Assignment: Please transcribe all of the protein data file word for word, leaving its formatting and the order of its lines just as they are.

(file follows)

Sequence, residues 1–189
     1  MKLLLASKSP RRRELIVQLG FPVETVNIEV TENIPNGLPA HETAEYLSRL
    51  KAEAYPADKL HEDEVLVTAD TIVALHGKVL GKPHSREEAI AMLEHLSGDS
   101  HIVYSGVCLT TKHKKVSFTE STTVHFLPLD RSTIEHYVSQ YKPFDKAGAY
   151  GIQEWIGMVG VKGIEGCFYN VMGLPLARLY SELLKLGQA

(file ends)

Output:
Sequence, residues 1–189
     1  MKLLLASKSP RRRELIVQLG FPVETVNIEV TENIPNGLPA HETAEYLSRL
    51  KAEAYPADKL HEDEVLVTAD TIVALHGKVL GKPHSREEAI AMLEHLSGDS
   101  HIVYSGVCLT TKHKKVSFTE STTVHFLPLD RSTIEHYVSQ YKPFDKAGAY
   151  GIQEWIGMVG VKGIEGCFYN VMGLPLARLY SELLKLGQA